November 1, 2023
Becca Lahrman, PharmD, MS, BCACP, assistant professor – clinical of pharmacy practice and science at The Ohio State University College of Pharmacy, was selected to receive the 2023 American College of Clinical Pharmacy (ACCP) Community-Based Practice Research Network (PRN) Outstanding Paper Award.
The award recognizes her paper, “Pharmacists’ facilitators and barriers to implementing and billing for patient care services: Interviews from the Ohio Medicaid Project,” which was published in the Journal of the American Pharmacists Association in April. Co-authors include Young Eun Shin, PharmD, MS; Brianne Porter, PharmD, MS; Stuart Beatty, PharmD, BCACP; and Ana L. Hincapie, PhD.
As the role of community pharmacists expands, more states are beginning to officially recognize pharmacists as health care providers. Despite 37 states recognizing pharmacists as providers, including Ohio, there is still no federal recognition.
The status of “health care provider” offers many benefits, such as more accessible care for patients, but the lack of federal recognition means that there is little standardization of coverage and billing for medical services that some pharmacists can now offer.
The paper investigates the sustainability and consistency of billing processes that Ohio pharmacists employ when offering clinical services. In completing this study, the authors hoped not only to remedy the gap in data on billing services in Ohio, but also to share the findings as guidance on how providers are finding success among these changes to the community pharmacy landscape.
This learning process is critical in the face of this expanding field, so we should continue to extend grace to our ourselves.
Despite the very real challenges that still exist as Ohio navigates the change in provider status, there have been plenty of lessons learned along the way.
“We know many people have likely overcome those barriers of reimbursement,” Dr. Lahrman said. “We wanted to document the Ohio process for other states looking to implement more sustainable services for their Medicaid patients.” “This learning process is critical in the face of this expanding field, so we should continue to extend grace to our ourselves.”
Together, Drs. Lahrman and Shin analyzed qualitative data gathered from providers at 11 sites of care. While the data gathered in this study was largely novel, Dr. Lahrman noted the familiarity of many of the findings.
“At my own practice site, I was able to see how difficult it was to identify patients eligible for services,” Dr. Lahrman said. “I was also able to see how much impact I could have on patients by being able to set aside time to talk with them about their medications, knowing that the conversation was a reimbursable service since I am usually only paid for dispensing medication.”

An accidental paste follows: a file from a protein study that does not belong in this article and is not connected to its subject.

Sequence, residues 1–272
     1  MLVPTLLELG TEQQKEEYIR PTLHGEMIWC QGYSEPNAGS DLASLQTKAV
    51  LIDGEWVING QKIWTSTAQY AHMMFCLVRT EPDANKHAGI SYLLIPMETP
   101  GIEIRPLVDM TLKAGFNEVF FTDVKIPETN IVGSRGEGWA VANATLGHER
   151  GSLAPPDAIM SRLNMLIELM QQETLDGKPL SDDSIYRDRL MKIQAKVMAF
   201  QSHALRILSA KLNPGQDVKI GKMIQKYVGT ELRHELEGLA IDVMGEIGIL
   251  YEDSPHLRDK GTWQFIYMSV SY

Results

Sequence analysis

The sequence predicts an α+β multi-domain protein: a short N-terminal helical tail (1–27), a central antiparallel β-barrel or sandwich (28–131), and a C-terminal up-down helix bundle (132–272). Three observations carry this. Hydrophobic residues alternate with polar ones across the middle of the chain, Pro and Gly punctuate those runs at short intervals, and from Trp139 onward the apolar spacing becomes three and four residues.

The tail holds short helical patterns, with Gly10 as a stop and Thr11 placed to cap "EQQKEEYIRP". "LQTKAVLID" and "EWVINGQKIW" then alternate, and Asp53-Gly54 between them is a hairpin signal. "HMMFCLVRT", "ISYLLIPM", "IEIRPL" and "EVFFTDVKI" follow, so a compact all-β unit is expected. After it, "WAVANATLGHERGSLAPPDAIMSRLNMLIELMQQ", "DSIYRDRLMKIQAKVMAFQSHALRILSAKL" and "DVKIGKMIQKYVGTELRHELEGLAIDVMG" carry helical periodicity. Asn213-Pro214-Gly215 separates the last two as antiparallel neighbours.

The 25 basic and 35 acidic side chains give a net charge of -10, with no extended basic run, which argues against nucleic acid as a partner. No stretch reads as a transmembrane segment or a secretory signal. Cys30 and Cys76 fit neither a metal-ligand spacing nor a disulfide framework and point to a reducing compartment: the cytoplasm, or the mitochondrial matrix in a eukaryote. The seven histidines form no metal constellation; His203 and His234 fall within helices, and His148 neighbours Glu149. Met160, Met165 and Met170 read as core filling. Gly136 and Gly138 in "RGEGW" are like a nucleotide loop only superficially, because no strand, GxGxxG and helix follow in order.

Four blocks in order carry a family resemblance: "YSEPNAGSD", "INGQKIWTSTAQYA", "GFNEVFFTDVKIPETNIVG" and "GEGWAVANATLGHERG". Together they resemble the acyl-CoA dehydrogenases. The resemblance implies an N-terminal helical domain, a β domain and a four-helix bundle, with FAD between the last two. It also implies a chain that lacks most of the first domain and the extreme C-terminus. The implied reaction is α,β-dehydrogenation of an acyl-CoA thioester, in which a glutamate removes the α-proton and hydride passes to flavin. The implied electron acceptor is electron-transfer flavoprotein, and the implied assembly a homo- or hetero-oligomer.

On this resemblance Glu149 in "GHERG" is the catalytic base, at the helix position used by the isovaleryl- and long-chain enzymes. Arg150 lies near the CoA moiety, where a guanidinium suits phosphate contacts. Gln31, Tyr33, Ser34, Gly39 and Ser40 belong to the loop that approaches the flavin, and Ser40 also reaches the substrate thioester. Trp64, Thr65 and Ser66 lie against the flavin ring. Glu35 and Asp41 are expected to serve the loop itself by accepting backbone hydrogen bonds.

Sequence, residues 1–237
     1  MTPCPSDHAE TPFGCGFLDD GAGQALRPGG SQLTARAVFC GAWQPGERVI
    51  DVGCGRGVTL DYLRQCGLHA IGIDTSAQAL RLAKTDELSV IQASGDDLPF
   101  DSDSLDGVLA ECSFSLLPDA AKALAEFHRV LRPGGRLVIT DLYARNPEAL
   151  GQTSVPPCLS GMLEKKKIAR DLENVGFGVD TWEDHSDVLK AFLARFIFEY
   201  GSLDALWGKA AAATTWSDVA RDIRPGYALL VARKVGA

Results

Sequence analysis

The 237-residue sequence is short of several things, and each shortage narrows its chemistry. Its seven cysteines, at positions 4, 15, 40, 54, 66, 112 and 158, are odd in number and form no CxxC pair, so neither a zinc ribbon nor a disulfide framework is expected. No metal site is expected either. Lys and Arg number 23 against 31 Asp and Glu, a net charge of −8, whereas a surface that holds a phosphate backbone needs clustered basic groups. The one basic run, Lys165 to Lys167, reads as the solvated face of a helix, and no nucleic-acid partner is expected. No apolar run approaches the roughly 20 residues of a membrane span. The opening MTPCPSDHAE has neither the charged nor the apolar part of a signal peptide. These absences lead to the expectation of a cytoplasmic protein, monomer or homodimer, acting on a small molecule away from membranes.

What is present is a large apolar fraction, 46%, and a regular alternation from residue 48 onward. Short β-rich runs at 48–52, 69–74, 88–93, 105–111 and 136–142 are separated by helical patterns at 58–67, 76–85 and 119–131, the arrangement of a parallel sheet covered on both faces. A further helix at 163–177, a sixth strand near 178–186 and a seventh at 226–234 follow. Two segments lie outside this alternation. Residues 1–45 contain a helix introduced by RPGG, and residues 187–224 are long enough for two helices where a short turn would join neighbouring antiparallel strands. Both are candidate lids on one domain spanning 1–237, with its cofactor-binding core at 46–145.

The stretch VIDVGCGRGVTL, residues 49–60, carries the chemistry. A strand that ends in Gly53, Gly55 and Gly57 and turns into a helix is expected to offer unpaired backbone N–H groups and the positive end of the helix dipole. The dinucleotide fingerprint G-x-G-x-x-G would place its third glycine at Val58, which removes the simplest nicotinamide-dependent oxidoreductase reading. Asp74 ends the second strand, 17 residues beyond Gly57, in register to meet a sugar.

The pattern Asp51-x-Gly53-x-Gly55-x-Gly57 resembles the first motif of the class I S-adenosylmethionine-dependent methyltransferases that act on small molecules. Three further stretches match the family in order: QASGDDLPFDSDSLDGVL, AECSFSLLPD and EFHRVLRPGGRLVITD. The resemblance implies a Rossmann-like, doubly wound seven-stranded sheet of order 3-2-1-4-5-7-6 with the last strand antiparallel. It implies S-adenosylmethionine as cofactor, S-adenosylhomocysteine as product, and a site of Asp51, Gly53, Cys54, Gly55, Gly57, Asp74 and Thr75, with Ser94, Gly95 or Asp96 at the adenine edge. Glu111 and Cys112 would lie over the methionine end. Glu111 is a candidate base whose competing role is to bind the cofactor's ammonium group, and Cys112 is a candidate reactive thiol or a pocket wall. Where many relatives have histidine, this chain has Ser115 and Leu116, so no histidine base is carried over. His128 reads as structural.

The study’s findings highlighted room for growth in payor and pharmacist collaboration. Among the benefits found in pharmacies expanding their health care offerings were “communication between payors and pharmacists, communication between pharmacist and care teams, and the perceived value of the service.”
The study also concluded that barriers could be overcome through “system integration, payor rule clarity, and patient eligibility and access.”
“When trying new services, everyone expects to encounter barriers that need to be overcome, but I don’t think we realize these can quickly become our facilitators,” Dr. Lahrman said. “It was interesting to see pharmacists describe something as a barrier in the beginning of this study and then reflect upon it as a facilitator at the end.”
As a community pharmacist at Shrivers Pharmacy and Wellness in Athens, Dr. Lahrman is passionate about opportunities to cultivate pharmacist-patient relationships. By increasing pharmacists’ capabilities of providing health care services, those connections have a lot of room to grow.
“While I love ensuring my patients have access to medications, I have a more significant role in their life by reinforcing the conversations they have with their providers, encouraging them to advocate for themselves and educating them on their medications,” she said. “Currently, that role is undervalued in our health care system, but it is needed by so many patients.”
Dr. Lahrman isn’t alone. The ACCP Community-Practice PRN that she belongs to is filled with like-minded individuals. Looking forward, Dr. Lahrman and her co-authors are optimistic about the continuing transformation of barriers into facilitators and learning opportunities.
“Community pharmacy is a difficult path right now with workforce and payment issues, but people still want to build their community and know who is taking care of them,” she said. “Keeping pharmacies in the community will require us to continue to expand our services and meet patients where they are.”
Dr. Lahrman will present the paper and receive the award at the ACCP National Meeting this month in Dallas.